The Western Balkans with Chinese Characteristics
July 30, 2019
In 2012, China and 11 EU countries from Central and Southern Europe and 5 non-EU members from the Western Balkans met in Warsaw, Poland for the first time in a “16+1” format to deepen economic cooperation in the areas of infrastructure as well as information and green technological development. The occasion was marked by the signing of “China’s Twelve Measures for Promoting Friendly Cooperation with Central and Eastern European Countries” and the official launch of the 16+1. Seven years later in Dubrovnik, Croatia, the format has now grown to “17+1” with the inclusion of Greece. Nearly 40 bilateral deals were announced between China and partner countries, which included the opening of credit lines between the China Development Bank and Hungary worth €500 million, Croatia worth €300 million, Romania worth €100 million, Bulgaria worth €300 million, and Serbia worth €25 million.
It could be suggested that this region was in fact an early test case for the Chinese government’s 2013 announcement of its global Belt and Road Initiative (BRI), which envisions land and maritime transportation corridors stretching across and around the Eurasian landmass to Europe. Certainly, there was a strong infrastructure demand signal emanating from the region, which grew frustrated when its needs for new roads, modern ports, and high-speed rail went unmet by Western investment. Having developed the unique, mixed EU and non-EU 16+1 structure, Beijing could claim to be helping to “bridge” the EU and non-EU divide. It also gained a high-profile vehicle to channel a portion of the BRI’s $1 trillion in promised infrastructure investment.
Even before the 16+1 format was created, EU member states in Central Europe have had mixed experiences with Chinese infrastructure investment. The quality of the Chinese materials and construction have been mixed, and local suppliers and labor have not received economic benefits. An example that still resonates within Poland is the failed construction of the A2 motorway by the China Overseas Engineering Group, a Chinese construction giant known as the COVEC Group. More recently, Chinese investment in telecommunications (e.g., Huawei) in this region has been more successful and substantive (including a recent announcement to invest nearly $793 million in Poland in the next five years) but faces increasing skepticism after two individuals, including the Chinese regional director of Huawei in Poland, were arrested and accused of spying for China.
Creating a Chinese Investment Anchor in Serbia
The non-EU Western Balkans members are increasingly targeted for BRI-related projects with the epicenter of Chinese investment being Serbia. In 2009, a “strategic partnership” between the Chinese and Serbian governments was officially established to include economic cooperation. In 2014, Serbia and China signed 13 agreements on technical and economic cooperation, which focused on financial, infrastructure, telecommunications, agriculture, and transport sectors. A decade later in 2019, the China Development Bank concluded an agreement with Serbia’s Postal Savings Bank for €25 million with two further memorandums of understandings between Belgrade and Beijing signed for further construction of road links. In total, infrastructure projects in Serbia are estimated to be around $10 billion.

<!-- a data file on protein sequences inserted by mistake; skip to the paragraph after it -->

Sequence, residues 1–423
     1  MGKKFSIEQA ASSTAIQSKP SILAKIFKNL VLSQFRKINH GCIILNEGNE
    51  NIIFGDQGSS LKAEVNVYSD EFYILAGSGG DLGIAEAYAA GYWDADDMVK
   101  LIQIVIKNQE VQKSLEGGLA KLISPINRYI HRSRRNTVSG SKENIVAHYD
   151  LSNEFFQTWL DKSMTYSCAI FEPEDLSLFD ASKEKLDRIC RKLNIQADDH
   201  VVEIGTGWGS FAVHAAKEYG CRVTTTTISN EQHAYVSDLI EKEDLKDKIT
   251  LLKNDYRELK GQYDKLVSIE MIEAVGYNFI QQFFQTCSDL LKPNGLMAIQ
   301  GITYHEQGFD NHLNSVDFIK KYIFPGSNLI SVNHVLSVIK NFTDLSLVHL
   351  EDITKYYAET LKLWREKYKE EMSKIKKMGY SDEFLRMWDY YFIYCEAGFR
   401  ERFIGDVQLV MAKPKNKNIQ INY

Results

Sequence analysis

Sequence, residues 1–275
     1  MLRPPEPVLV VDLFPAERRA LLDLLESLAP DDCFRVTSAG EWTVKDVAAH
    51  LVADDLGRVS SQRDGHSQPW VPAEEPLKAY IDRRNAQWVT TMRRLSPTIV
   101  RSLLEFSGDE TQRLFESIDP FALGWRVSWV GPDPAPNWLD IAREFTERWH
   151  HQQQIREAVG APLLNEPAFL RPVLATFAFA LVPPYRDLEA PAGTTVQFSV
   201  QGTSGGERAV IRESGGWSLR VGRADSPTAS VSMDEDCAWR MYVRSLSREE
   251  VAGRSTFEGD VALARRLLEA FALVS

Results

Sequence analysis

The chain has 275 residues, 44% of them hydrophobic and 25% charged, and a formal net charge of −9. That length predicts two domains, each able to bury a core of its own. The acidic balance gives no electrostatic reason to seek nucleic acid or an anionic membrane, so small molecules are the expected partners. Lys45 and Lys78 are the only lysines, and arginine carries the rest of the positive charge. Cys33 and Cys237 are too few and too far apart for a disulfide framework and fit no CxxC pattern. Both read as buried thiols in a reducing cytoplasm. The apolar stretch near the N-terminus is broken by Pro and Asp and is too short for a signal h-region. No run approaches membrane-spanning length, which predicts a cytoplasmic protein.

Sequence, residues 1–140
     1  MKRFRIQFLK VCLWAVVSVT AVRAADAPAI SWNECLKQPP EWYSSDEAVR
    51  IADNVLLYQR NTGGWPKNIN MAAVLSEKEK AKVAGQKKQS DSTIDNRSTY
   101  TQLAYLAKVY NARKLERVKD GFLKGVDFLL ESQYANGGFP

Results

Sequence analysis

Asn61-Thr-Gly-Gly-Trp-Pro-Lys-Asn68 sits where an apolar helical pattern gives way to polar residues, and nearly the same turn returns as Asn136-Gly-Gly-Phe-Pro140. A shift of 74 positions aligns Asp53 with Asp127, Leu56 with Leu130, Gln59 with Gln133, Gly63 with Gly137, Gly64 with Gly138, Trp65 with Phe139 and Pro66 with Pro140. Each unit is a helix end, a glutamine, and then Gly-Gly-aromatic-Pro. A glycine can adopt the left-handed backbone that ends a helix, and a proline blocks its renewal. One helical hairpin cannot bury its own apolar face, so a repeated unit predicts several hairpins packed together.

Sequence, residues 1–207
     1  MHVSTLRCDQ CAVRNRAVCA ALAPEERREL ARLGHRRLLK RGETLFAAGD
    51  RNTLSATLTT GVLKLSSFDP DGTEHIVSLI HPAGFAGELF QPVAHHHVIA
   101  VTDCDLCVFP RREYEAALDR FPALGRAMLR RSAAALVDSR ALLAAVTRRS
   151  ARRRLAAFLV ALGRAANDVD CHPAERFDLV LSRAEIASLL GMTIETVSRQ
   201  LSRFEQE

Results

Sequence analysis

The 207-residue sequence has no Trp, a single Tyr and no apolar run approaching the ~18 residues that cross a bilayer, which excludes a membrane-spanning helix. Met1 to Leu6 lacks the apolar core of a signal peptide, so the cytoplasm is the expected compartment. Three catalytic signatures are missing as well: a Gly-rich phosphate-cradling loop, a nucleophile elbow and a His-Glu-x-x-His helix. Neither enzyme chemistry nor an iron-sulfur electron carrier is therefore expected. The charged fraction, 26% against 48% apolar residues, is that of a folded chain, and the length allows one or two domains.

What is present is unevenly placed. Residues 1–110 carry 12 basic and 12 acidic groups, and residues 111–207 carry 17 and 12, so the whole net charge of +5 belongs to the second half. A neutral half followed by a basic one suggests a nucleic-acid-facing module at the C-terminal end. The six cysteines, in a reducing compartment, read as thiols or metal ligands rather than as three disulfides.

China’s flagship investment project in Serbia is a €3 billion high-speed railway connecting Belgrade to Budapest, which was awarded to a Chinese firm without open competition. An hour east of Belgrade, China financed and expanded a coal power plant that environmental and health advocates warn will saddle Serbia with a polluting power source for decades. Moreover, Serbia is fast becoming a favored stop along China’s digital silk road, the BRI’s digital dimension. In 2017, the Huawei signed an agreement to set up its “Safe City” surveillance equipment in select Serbian cities. In Belgrade, a surveillance system consisting of 1,000 high-definition cameras across 800 locations will use facial and license plate recognition software linked to a central database for law enforcement.
China’s push into Serbia is about more than hard infrastructure. Complimenting Huawei's expanding relationship with Serbia is the One Thousand Dreams program, which will train 1,000 students across the 16 participating countries. There are currently more Chinese nationals in Belgrade than there are in most European cities, including tourists, businessmen, and employees of major Chinese companies. Chinese language schools are also present, including two Confucius Institutes in Belgrade and Novi Sad University. As part of the Safe City Solution , Belgrade will also host the Huawei Innovation Center for Digital Transformation, making the city a regional leader in digitization and focal point for future Huawei initiatives.
Clearly, China has made Serbia its “anchor” investment in the Western Balkans, and its efforts to create other regional investments are gaining momentum.
What Does This All Mean for the Western Balkans?
Why was Beijing so interested in Central and Southern Europe and the Western Balkans and why were the majority of Chinese infrastructure and technology investments concentrated in the five non-EU countries of the Western Balkans? To better understand China’s position, it is helpful to break this analytical question down into means, motive, and opportunity.